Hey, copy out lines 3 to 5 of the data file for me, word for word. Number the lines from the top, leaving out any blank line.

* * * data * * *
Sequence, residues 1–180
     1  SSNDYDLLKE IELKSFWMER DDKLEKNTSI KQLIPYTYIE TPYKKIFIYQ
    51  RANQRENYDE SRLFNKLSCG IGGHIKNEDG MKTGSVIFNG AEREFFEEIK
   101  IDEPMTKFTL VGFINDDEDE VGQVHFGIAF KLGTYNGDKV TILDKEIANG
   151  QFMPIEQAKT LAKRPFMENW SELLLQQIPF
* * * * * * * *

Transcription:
    51  RANQRENYDE SRLFNKLSCG IGGHIKNEDG MKTGSVIFNG AEREFFEEIK
   101  IDEPMTKFTL VGFINDDEDE VGQVHFGIAF KLGTYNGDKV TILDKEIANG
   151  QFMPIEQAKT LAKRPFMENW SELLLQQIPF